<dct:description xml:lang="en">Bob doing semi-automated testing</dct:description>
  <earl:mainAssertor rdf:resource="http://www.example.org/people/#bob"/>
  <foaf:member rdf:resource="http://www.example.org/tool/#cooltool"/>
</foaf:Group>

Note: According to this example, "Cool Tool" is a resource of type foaf:Agent. According to example 5, it is also a resource of type earl:Software. These are not contradictory statements and are valid RDF representations.

2.3. TestSubject Class

Test Subject - the class of things that have been tested against some test criterion.

Related Classes

Rather than specifying only an earl:TestSubject type, it is recommended that one of the following types be employed in addition:

earl:Software
Software - the test subject is a piece of software being tested.
cnt:Content external link
Content - the test subject is a representation of the content as defined by [Content].
http:Response external link
HTTP Response - the test subject is the response from an HTTP server as defined by [HTTP].
foaf:Document external link
Document - the test subject is a document, such as electronic file, as defined by [FOAF].

Related Properties

It is recommended to provide additional information about the Test Subject by using the following properties from external vocabularies:

dct:title external link
Human readable title for the subject.
dct:description external link
Human readable descriptions of the subject.
dct:date external link
Date on which the subject was created or identified.
dct:hasPart external link
Reference to another subject that are part of this subject.
dct:isPartOf external link
Reference to another subject of which this subject is a part of.

Examples

Example 7: A group of resources that have been tested together as a single test subject.

<earl:TestSubject rdf:about="http://www.example.org/">
  <dct:title xml:lang="en">example.org Web site</dct:title> 
  <dct:description xml:lang="en">Each page on the example.org Web site</dct:description> 
  <dct:hasPart rdf:resource="http://www.example.org/style.css"/> 
  <dct:hasPart rdf:resource="http://www.example.org/page1.html"/> 
  <dct:hasPart rdf:resource="http://www.example.org/page2.html"/> 
  <dct:hasPart rdf:resource="http://www.example.org/image1.png"/> 
  <dct:hasPart rdf:resource="http://www.example.org/image2.png"/> 
</earl:TestSubject>

2.4. TestCriterion Class

Test Criterion - a testable statement, usually one that can be passed or failed. It is a super class for all types of tests including things such as validation requirements, code test cases, checkpoints from guidelines such as Web Content Accessibility Guidelines [WCAG], or others.

Related Classes

Rather than specifying only an earl:TestCriterion type, it is recommended that one of the following types be employed in addition:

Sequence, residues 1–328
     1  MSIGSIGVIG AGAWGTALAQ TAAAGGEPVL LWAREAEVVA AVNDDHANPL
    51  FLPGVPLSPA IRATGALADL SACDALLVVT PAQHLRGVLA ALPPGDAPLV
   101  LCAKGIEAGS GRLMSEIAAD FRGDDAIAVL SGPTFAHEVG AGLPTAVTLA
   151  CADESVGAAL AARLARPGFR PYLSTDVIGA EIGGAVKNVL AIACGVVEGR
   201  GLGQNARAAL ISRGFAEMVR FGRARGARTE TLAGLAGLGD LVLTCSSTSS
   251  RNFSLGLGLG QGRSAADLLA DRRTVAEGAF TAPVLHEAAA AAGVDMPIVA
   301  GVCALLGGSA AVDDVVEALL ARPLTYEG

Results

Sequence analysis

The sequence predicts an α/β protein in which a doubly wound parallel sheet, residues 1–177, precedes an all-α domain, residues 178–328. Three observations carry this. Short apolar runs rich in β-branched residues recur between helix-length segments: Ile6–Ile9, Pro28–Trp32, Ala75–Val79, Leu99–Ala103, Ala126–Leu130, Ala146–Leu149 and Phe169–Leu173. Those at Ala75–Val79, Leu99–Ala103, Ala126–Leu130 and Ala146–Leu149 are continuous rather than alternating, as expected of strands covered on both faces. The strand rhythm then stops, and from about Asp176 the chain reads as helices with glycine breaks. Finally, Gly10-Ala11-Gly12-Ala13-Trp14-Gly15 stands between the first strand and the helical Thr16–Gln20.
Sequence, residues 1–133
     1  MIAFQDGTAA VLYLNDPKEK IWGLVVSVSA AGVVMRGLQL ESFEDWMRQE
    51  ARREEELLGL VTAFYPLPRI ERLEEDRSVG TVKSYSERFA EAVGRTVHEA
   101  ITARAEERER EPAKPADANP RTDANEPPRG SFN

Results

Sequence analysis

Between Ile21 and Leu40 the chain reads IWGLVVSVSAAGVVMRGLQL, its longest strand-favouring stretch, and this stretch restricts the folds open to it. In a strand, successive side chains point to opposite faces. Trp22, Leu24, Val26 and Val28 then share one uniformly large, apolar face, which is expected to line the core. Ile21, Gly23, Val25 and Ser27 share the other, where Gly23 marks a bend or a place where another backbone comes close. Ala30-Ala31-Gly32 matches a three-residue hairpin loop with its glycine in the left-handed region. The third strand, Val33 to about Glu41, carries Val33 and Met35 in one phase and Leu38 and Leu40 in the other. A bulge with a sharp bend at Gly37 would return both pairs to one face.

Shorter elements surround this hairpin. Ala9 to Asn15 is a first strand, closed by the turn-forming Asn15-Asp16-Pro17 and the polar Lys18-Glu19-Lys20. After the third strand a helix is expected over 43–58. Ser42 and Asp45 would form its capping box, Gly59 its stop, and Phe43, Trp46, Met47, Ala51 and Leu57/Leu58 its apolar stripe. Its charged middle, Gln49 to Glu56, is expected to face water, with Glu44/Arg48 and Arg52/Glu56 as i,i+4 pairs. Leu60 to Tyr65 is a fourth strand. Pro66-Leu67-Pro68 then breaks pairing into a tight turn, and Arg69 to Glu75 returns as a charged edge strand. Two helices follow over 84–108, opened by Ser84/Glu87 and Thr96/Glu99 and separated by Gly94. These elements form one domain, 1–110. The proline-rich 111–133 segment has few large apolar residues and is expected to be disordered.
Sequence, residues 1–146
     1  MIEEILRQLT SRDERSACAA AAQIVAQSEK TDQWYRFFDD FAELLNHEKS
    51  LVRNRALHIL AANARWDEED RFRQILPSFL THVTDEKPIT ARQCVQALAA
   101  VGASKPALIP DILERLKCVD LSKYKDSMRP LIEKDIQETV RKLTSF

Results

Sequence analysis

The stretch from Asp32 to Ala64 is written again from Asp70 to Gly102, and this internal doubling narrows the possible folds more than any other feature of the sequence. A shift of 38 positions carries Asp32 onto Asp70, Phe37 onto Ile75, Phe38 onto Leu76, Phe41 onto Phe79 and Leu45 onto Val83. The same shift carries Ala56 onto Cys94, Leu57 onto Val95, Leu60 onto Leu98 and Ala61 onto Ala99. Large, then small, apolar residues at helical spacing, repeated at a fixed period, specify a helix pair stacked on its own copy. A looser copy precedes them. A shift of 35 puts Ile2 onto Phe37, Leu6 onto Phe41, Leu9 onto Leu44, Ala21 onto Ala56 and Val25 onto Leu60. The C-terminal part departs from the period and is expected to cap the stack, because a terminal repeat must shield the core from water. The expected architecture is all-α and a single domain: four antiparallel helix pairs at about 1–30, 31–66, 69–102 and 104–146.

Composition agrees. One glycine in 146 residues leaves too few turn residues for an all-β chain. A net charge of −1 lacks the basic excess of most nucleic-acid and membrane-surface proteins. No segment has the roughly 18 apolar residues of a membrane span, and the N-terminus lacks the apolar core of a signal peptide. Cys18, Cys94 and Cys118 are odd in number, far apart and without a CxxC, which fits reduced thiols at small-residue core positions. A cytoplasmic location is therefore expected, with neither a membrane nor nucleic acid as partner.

earl:TestRequirement
Test Requirement - a higher-level requirement that is tested by executing one or more sub-tests. For example WCAG 2.0 Success Criterion 1.1.1, which is evaluated using several Techniques for Success Criterion 1.1.1 and combining the results.
earl:TestCase
Test Case - an atomic test, usually one that is a partial test for a requirement. For example, Technique H36: Using alt attributes on images used as submit buttons provides a partial test for WCAG 2.0 Success Criterion 1.1.1.

Related Properties

It is recommended to provide additional information about the Test Subject by using the following properties from external vocabularies:

dct:title external link
Human readable title for the test criterion.
dct:description external link
Human readable description of the test criterion.
dct:hasPart external link
Relationship to other test criteria that are part of this criterion.
dct:isPartOf external link
Relationship to other test criteria of which this criterion is a part of.

Examples

Example 8: Instance of a test case that is described with a title and its relationship to a test suite.

<earl:TestCase rdf:about="http://www.fyrkh.live/TR/WCAG20-TECHS/H36">
  <dct:title xml:lang="en">H36</dct:title>
  <dct:description xml:lang="en">Technique H36 - Using alt attributes 
    on images used as submit buttons </dct:description>
  <dct:isPartOf rdf:resource="http://www.fyrkh.live/TR/WCAG20-TECHS/"/>
  <dct:hasPart rdf:resource="http://www.fyrkh.live/TR/WCAG20-TECHS/H36#H36-tests"/>
</earl:TestCase>

2.5. TestResult Class

Test Result - the actual result of performing the test. It includes both machine-readable values as well as human-readable description of the results (typically error messages).

Related Properties

It is recommended to provide additional information about the Test Result by using the following properties from external vocabularies:

dct:title external link
Human readable title for the result.
dct:description external link
Human readable description of the result.